Dennis Block and Mark Magura executed a letter of intent that Magura would purchase Block's interest in a partnership. Magura did not complete the purchase, Block filed suit, and the trial court granted summary judgment to Magura and denied summary judgment to Block on the issue of whether the parties' letter of intent creates an enforceable contract. Block appeals and raises a single issue which we restate as two: whether the trial court erred when it 1) granted Magura summary judgment and 2) denied Block summary judgment. Concluding the letter of intent is an enforceable contract because it contains the essential terms of the parties' agreement and expresses their intent to be bound, we reverse and remand.In Abram Coleman, Rhonda Coleman, and Jerry Wayne Coleman v. Cynthia Ann Coleman, an 18-page opinion, Judge Barnes concludes:
There is insufficient evidence to support the jury's verdict in favor of Cynthia on her claim of unjust enrichment against the Colemans. Additionally, the award of attorney fees was not permitted by the Crime Victim's Relief Act because Cynthia failed to prove that she suffered any pecuniary loss as a result of purported theft by the Colemans. We reverse the trial court's entry of judgment on those verdicts, and remand for entry of judgment in favor of the Colemans on those counts and for further proceedings consistent with this opinion.In Mark A. Kolish v. State of Indiana, an 8-page opinion, Judge Najam writes:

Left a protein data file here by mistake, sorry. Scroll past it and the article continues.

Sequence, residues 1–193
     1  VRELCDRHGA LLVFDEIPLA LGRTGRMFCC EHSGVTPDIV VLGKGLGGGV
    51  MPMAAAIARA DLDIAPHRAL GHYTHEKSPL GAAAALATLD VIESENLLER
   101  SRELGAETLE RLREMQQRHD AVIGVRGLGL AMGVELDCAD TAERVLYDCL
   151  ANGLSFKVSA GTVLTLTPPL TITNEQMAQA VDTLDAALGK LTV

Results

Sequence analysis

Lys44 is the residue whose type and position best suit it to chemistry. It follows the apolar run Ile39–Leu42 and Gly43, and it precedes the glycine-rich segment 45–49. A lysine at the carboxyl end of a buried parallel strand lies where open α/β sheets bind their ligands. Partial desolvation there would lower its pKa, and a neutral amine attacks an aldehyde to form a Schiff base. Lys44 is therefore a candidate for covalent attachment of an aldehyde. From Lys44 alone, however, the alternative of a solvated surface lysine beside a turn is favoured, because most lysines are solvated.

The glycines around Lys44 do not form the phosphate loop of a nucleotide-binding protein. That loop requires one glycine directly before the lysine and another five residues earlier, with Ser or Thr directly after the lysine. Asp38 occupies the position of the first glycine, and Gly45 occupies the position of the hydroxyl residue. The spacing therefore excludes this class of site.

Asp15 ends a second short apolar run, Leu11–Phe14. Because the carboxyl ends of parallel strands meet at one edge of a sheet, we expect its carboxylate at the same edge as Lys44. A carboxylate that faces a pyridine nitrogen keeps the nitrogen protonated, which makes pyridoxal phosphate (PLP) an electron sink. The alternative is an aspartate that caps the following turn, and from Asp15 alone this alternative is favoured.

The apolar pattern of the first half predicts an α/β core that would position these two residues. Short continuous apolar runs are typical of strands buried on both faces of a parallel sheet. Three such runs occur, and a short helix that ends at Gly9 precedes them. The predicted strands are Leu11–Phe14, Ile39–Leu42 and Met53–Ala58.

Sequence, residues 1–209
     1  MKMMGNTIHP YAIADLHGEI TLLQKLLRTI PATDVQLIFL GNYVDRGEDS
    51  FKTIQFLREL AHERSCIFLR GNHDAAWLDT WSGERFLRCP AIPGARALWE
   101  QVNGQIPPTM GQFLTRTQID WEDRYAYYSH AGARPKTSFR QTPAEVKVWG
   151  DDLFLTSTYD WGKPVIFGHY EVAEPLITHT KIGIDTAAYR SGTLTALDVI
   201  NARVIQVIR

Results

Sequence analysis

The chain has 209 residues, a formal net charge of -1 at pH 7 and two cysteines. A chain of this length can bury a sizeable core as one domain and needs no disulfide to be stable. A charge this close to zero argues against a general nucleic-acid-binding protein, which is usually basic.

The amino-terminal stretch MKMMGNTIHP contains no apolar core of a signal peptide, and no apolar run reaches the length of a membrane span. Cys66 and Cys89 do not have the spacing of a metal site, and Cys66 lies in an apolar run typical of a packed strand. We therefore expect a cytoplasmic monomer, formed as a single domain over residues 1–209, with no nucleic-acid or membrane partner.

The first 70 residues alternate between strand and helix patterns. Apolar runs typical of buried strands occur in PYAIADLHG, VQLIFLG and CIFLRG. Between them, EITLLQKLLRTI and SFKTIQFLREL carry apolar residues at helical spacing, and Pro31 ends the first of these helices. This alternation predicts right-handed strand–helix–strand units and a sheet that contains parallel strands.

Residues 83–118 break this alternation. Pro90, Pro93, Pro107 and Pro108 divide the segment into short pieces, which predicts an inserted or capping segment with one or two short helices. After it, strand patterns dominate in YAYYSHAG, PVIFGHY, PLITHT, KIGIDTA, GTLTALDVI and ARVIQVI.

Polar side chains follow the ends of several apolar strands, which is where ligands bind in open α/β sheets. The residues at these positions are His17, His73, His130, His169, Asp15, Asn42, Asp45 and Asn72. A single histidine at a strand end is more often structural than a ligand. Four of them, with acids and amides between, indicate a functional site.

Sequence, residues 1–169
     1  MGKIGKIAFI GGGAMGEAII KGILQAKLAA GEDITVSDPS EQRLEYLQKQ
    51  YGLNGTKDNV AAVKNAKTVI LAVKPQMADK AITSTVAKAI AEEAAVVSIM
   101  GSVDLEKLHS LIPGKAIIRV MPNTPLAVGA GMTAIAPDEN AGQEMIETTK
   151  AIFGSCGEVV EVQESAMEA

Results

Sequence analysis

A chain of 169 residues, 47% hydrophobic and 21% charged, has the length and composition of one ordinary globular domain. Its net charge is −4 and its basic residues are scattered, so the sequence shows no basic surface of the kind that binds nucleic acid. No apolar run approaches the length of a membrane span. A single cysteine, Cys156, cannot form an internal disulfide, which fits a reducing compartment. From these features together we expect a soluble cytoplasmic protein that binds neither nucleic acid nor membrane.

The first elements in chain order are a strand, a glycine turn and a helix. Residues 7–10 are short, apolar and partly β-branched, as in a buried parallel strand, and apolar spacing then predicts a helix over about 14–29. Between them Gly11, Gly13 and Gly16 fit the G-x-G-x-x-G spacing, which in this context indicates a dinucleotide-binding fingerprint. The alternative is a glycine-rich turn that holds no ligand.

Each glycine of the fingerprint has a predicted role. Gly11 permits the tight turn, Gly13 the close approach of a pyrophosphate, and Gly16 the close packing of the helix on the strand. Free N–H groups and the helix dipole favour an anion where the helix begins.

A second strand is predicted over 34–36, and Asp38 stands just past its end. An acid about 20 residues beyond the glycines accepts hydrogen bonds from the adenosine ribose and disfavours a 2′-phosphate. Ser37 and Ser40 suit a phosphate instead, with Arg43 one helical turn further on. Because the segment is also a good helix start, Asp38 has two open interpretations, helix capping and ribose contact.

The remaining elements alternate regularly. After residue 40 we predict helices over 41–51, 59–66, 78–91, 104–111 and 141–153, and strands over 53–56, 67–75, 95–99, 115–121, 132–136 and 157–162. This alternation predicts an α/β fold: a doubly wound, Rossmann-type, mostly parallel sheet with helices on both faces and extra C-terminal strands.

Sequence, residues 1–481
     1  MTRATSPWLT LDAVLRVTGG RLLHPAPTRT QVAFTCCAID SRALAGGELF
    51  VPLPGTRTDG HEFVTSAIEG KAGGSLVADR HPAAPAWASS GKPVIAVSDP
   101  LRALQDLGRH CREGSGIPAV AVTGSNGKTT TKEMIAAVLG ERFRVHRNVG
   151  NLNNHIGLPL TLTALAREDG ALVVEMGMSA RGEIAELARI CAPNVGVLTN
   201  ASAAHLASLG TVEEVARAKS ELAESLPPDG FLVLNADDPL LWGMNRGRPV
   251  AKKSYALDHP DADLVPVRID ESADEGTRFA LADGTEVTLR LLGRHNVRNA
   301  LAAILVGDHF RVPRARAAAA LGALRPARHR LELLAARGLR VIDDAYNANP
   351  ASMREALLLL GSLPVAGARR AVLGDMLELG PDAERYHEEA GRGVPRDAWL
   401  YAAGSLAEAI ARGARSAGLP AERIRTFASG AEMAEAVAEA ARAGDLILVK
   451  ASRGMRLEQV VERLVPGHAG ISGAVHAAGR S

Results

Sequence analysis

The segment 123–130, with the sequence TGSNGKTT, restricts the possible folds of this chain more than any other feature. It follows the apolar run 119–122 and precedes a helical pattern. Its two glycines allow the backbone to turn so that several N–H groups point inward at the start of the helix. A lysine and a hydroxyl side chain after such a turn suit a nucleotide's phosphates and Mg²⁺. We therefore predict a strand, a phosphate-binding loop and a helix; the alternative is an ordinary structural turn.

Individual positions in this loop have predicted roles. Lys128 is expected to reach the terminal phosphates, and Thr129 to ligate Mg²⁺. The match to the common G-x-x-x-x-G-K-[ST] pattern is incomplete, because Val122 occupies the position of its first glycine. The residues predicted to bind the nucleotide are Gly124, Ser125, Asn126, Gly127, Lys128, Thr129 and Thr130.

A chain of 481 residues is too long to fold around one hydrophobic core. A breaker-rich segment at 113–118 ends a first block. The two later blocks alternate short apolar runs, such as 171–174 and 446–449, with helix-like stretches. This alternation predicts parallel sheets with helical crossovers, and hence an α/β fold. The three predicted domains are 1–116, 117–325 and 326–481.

Kolish contends that the blood test results were inadmissible [because] the health care provider was not authorized to perform the blood draw under Indiana Code Section 9-30-6-6(j). * * *In Edward Godby v. State of Indiana , an 11-page opinion, Judge May writes:
However, our Legislature recently amended this statute by adding the following sentence: “This subsection does not apply to a bodily substance sample taken at a licensed hospital (as defined in IC 16-18-2-179(a) and IC 16-18-2-179(b)).” Id. (West 2010). Here, there is no dispute that Kolish’s blood sample was taken at a licensed hospital. And this court has recently held that the 2010 amendment to the statute applies retroactively without violating Indiana’s prohibition against ex post facto laws. See Boston v. State, ___ N.E.2d ___, Cause No. 32A01-1008-CR-421 at *12 (Ind. Ct. App. April 13, 2011). We agree with the panel decision in Boston. Accordingly, we are not persuaded by Kolish’s contention that Joseph was not authorized by statute to perform the blood draw. The trial court did not abuse its discretion when it admitted the blood test results into evidence.